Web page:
TROY, N.Y. (NEWS10) – A controversial trash fee was shot down in the city of Troy.
The proposed trash fee would have cost Troy households $190 a year. The idea was it could help with the upcoming budget, but now it’s back to the drawing board.
Neighbors said they were fine with it.
“It’s trash, but it stinks,” Warren Doyle said.
When Doyle caught wind of what was being proposed, he couldn’t believe it.
“It’s just another cost of living on this street,” he said.
The Troy resident said the additional $16 per month adds up quickly.
“Count my pennies, so it’s tough,” he said.
His landlord, Tony Beahan, said the proposed fee would not only hurt him but his tenants as well.
“We had to raise their rent,” he said.
Beahan said the trash fee was his latest frustration with the city.
“They don’t care,” he said. “They don’t do anything for the small guy.”
At a meeting Tuesday night, Troy City Council listened to the proposal.
“We need to move the city ahead. We need to make sure we have all the resources to do so.”
After some tense moments, the proposal was ultimately shot down. A win for neighbors like Doyle and Beahan but also a question about what can be done to help with costs.
“That’s not the right answer,” Doyle said. “I don’t know what the right answer is, but there’s got to be a better way.”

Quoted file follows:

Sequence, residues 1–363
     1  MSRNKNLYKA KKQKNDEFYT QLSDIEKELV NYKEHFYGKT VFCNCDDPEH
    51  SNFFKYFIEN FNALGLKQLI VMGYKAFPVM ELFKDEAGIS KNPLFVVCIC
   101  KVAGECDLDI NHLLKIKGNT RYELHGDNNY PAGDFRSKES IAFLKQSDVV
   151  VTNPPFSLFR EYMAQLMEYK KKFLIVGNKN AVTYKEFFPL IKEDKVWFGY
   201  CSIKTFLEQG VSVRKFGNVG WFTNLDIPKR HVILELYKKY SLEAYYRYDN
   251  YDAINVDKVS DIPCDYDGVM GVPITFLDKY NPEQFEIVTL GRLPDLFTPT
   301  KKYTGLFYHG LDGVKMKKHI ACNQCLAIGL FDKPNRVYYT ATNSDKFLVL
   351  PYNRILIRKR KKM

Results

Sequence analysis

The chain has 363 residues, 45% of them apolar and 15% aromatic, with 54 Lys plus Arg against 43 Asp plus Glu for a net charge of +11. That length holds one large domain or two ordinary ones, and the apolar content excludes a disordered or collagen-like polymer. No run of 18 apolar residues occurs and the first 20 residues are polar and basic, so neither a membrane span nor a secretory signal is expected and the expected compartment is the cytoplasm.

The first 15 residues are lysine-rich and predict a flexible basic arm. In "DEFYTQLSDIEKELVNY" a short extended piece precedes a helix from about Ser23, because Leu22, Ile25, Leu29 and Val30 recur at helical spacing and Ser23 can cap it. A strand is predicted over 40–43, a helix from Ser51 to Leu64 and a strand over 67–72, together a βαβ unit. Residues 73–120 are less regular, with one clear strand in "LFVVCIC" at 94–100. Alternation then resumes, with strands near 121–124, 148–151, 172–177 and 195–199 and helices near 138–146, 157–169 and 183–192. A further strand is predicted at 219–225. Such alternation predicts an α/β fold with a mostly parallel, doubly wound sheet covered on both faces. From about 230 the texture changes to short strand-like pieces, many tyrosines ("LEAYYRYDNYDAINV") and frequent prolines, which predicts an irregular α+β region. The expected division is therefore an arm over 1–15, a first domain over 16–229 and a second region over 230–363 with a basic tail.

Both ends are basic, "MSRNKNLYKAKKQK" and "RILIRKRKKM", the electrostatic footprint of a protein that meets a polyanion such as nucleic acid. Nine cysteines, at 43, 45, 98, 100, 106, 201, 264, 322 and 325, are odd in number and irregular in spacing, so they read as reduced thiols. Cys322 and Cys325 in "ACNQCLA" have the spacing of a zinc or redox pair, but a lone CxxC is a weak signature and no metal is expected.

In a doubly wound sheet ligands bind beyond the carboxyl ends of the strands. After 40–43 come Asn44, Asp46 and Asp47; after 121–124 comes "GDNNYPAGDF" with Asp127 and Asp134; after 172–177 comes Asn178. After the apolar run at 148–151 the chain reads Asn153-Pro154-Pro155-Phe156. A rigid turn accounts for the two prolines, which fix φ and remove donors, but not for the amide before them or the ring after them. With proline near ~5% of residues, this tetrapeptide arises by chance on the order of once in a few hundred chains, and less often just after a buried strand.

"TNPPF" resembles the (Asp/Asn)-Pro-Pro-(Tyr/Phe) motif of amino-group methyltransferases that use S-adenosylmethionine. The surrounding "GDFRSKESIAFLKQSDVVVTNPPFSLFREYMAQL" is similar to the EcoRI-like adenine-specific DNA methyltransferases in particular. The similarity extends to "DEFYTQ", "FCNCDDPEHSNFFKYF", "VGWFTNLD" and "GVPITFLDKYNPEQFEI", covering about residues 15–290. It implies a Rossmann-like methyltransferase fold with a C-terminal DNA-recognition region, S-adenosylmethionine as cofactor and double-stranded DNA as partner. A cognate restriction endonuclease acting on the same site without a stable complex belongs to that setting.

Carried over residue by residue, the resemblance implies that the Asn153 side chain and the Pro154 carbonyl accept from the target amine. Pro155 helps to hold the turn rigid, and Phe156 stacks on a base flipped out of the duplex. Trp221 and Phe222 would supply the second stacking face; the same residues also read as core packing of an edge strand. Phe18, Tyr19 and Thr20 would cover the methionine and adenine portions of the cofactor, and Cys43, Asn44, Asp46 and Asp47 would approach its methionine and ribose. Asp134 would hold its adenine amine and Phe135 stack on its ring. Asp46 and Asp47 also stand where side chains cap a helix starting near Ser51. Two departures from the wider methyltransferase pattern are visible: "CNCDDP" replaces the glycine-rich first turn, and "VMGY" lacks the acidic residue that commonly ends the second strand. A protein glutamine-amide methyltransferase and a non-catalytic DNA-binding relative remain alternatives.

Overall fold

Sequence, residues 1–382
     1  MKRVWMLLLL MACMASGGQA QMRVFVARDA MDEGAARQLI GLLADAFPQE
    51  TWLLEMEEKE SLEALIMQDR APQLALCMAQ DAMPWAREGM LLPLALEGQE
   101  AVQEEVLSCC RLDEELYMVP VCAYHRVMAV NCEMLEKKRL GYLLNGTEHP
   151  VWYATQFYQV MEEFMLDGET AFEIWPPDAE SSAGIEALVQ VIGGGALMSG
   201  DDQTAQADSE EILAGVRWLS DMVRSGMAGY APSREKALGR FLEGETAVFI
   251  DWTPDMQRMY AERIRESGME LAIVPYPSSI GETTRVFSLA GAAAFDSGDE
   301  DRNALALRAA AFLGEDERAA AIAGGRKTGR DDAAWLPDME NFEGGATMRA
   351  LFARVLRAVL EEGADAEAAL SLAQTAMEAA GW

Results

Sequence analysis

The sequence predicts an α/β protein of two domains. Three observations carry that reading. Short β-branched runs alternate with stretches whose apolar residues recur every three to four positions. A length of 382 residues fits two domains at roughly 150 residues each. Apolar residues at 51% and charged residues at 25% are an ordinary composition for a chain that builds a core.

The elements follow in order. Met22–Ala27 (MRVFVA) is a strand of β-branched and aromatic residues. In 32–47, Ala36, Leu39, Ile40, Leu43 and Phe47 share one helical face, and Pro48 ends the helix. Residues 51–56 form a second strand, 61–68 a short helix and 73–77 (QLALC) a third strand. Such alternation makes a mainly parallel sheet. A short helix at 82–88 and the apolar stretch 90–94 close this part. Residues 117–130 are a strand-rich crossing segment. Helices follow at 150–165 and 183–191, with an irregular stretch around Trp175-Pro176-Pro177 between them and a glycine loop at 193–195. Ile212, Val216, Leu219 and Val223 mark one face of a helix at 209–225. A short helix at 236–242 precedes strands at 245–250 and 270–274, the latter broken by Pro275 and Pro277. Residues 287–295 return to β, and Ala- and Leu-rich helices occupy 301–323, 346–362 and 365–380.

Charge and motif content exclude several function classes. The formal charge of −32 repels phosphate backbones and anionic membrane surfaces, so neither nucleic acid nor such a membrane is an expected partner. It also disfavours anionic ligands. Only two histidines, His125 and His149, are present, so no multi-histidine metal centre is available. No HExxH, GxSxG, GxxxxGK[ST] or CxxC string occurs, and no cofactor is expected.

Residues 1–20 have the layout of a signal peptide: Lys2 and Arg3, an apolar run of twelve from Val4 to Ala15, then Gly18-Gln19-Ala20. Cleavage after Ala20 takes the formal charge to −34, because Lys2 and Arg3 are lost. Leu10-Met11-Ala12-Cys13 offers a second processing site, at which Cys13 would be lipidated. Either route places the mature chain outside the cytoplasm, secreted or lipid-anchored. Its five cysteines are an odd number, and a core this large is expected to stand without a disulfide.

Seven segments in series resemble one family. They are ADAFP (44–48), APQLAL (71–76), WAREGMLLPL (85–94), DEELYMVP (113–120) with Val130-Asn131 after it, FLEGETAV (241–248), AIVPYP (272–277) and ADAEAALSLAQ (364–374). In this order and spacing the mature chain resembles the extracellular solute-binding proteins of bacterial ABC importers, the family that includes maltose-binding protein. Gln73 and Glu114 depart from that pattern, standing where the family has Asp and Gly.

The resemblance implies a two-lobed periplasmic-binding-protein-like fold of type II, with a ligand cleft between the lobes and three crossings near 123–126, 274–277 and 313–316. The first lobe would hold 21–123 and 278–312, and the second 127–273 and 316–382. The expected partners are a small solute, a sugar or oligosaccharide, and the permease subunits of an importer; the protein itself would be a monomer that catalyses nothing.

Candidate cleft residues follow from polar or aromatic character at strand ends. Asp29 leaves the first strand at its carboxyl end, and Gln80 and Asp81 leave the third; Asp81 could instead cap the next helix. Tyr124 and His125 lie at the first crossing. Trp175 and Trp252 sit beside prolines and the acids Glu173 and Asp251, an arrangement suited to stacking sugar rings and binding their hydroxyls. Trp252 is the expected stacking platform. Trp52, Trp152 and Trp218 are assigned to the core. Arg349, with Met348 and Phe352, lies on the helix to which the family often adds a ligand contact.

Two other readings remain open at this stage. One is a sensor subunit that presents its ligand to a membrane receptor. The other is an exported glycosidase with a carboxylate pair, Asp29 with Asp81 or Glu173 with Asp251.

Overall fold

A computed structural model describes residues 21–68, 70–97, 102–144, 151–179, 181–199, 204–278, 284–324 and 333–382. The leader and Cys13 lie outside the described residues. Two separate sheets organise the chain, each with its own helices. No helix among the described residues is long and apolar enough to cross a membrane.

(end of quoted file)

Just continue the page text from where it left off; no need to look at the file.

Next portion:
Troy Mayor Patrick Madden released a statement after the proposal was voted down:
The City Council’s failure to advance important legislation associated with my administration’s balanced city budget proposal has left us with a $2.9 million deficit for 2018. I am calling upon the Council majority to immediately address this very serious issue without delay.
My administration’s community-focused budget plan – which supports neighborhood growth, enhances capacity in key departments, confronts growing costs in signature municipal services, while remaining below the state tax cap – is a blueprint for moving our city forward in the right direction. We cannot kick the can down the road any further, and my balanced budget proposal is the best path toward securing a stronger future for our residents, families and businesses.
The City Council must move swiftly to resolve this significant budget deficit – as outlined by the State Comptroller’s office – that now exists as a result of their failure to approve the city’s proposed Solid Waste Management program and recent budget review meeting where the Council majority presented no amendments.
We will await the City Council’s charter-mandated amendments to the budget for presentation ahead of their final approval on November 28th. I strongly urge the Council to act quickly to resolve the $2.9 million deficit ahead of the budget deadline.
With the city facing a nearly $3 million deficit for 2018, Madden urged the city council to continue working to find an alternative solution. Final approval will take place on November 28.